Now, it's certainly true that there is no single coherent set of coordinates with respect to which all the points on the disk are fully stationary, where the term "coherent" signifies a single unique locus of inertial simultaneity. We can, however, construct a coherent set of coordinates with respect to which one particular point on the rim is fully stationary, and then use slowtransport methods for assigning spatial distances between any two mirrors, and combine this with the observer's proper time as the basis for defining velocities, accelerations, etc, with respect to the rim observer's accelerating coordinates. 

To understand the nature of the pseudogravitational fields that exist with respect to these accelerating coordinates, carry out the transformation to the observer's system in two steps. First, construct a nonrotating system of coordinates in which the observer is constantly at the origin. Thus we have absorbed his circular motion but not his rotation into these coordinates. The result is illustrated below, where the disk is regarded as rotating about the "stationary" observer riding on the rim, and the circles represent the disk position at different "times" (relative to these coordinates). 

So, at this stage, each point on the disk is twirling around the observer at an angular speed of w (the same as the speed of the disk in the hubcentered coordinates). If we draw the spirograph traced out by a point moving around the circle at speed c while the circle rotates slightly about the observer with angular speed w = v/R, we see that the coand counterrotating directions have different path lengths, precisely accounting for the difference in travel times. Thus, even with respect to these accelerating coordinates (in which the observer has a fixed position), the Sagnac effect is still due strictly to the difference in path length, which demonstrates how directly the Sagnac effect is due not just to acceleration in general but specifically to rotation. 

Next, we absorb the rotation of the disk into our coordinates, so the disk is no longer twirling around the observer. However, by absorbing the twirl of the disk into the coordinates, we introduce an anisotropic pseudogravitational field (relative to the "stationary" observer), for particles or light rays moving around the loop. The fact that the "speed of light" in these coordinates can differ from c is exactly analogous to how the distant stars have enormous speeds with respect to the Earth's rotating coordinates, and that speed is attributed to the enormous pseudogravitational potential which exists at those distances with respect to the Earth's coordinates. Similarly, relative to our rim observer, the maximum gravitational potential difference is at the furthest point on the circle, i.e., the point diametrically opposite on the disk, which is also where the greatest anisotropy in the "speed of light" (with respect to these particular noninertial coordinates) occurs.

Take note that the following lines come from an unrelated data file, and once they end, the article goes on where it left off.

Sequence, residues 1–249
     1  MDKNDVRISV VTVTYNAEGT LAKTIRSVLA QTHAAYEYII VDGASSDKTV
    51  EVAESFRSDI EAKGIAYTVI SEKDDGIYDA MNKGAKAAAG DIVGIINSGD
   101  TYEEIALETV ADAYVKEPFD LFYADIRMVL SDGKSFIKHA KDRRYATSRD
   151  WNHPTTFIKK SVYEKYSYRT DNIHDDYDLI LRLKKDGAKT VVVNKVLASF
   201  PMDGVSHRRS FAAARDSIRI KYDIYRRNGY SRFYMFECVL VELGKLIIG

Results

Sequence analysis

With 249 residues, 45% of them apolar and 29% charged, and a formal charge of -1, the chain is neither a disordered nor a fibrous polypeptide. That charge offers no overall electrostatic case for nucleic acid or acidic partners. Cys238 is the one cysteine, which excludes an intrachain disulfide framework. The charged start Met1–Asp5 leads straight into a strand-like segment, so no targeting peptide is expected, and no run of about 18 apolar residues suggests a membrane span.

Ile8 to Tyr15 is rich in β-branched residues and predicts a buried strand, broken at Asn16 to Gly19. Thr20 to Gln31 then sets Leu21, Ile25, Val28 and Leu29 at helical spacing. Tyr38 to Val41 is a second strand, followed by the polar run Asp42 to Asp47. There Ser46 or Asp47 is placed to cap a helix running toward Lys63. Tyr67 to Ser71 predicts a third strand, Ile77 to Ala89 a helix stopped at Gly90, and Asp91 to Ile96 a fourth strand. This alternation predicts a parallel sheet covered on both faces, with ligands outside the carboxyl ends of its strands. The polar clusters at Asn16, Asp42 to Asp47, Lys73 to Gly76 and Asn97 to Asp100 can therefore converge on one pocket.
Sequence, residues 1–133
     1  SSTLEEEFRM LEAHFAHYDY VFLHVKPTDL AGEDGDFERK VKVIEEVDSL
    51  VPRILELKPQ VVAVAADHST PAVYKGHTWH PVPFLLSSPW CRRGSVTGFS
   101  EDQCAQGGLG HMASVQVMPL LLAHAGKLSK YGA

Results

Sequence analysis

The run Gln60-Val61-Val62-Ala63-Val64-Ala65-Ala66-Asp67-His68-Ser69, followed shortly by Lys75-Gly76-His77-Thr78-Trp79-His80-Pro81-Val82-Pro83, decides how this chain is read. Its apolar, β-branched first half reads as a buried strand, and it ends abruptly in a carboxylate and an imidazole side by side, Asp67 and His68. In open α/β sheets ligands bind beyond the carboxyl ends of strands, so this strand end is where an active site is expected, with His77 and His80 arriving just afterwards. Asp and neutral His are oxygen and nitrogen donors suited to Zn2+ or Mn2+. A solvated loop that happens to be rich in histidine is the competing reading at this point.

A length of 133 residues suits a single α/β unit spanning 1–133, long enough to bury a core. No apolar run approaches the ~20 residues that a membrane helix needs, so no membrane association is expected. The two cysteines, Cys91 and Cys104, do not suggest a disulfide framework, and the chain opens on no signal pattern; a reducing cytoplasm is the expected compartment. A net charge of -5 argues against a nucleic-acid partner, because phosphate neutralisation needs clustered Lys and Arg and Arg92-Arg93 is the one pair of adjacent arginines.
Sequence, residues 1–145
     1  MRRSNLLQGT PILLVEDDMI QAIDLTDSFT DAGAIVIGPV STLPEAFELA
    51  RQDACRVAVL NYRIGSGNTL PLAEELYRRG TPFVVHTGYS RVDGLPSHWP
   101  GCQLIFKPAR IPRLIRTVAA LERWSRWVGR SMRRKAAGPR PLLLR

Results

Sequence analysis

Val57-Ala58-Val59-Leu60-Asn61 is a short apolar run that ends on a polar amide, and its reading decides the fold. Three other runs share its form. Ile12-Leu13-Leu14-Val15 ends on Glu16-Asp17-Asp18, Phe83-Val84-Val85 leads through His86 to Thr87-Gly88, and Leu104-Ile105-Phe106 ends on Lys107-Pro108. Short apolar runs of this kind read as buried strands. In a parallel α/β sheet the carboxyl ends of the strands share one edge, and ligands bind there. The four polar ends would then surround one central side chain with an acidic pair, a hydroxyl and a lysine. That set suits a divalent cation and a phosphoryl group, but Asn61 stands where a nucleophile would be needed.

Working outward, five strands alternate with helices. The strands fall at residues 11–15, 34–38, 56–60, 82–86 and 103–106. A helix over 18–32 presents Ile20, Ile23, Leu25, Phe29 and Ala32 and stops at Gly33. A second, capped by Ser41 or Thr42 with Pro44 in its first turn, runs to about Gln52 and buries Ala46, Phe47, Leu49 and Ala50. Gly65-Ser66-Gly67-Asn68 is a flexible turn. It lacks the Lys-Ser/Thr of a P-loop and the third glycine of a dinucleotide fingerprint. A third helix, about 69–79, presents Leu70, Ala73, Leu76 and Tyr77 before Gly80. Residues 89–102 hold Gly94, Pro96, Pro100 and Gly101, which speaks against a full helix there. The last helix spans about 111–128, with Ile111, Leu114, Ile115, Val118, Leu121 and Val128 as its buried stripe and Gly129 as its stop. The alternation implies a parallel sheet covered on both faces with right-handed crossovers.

Thus, to first order with relatively small mirror speeds, the light rays are subjected to an "acceleration" field whose magnitude in the directions of travel is ±(vc/R)sin(q) where q is the angular distance from the observer. Now, it might seem that we are unable to account for the anisotropic effect of acceleration, on the assumption that all the points on the rim are subject to the same acceleration, so there can be no differential effect for light rays moving in opposite directions around the loop. However, that's not the case, for two reasons. First, the acceleration (with respect to these accelerating coordinates) is not constant, and second it is the Coriolis (not the centripetal) acceleration that produces the dominant effect. The Coriolis acceleration is the cross product of the rotation (pseudo) vector w with the velocity vector of the object in question, and this has an opposite sense depending on whether the object (or light ray) is moving in the corotating or counterrotating direction. 

Of course, both directions eventually encounter the same amount of positive and negative acceleration, but in the opposite order. Thus, they both start out at c, and one experiences an increase in velocity of +v followed by a decrease of v, whereas the other drops down by v first and then increases by +v. Thus their accelerations and velocities as functions of angular position are as shown below: 



The average speeds of the co and counterrotating beams around the loop are therefore cv and c+v respectively, which gives the constant "anisotropic ratio". Notice that the speeds differ from c only where there is significant pseudogravitational potential relative to the observer's location (just as with the distant stars, and of course the relation is reciprocal). The intensity of the acceleration field is on the order of cv/R, which does indeed go to zero as the radius R increases while holding the rim speed v constant, but the integral of ±(cv/R)sin(q) over the entire loop still always gives the speed distribution around the rim noted above, with the maximum anisotropy occurring at the opposite point on the circumference (where the pseudogravitational potential difference relative to the observer is greatest), and this gives the constant "anisotropic ratio". 

It's also worth noting that the anisotropic ratio of speeds given by this pseudogravitational potential corresponds precisely to the anisotropic distances when the Sagnac device is analyzed with respect to the instantaneously comoving inertial frame of the rim observer.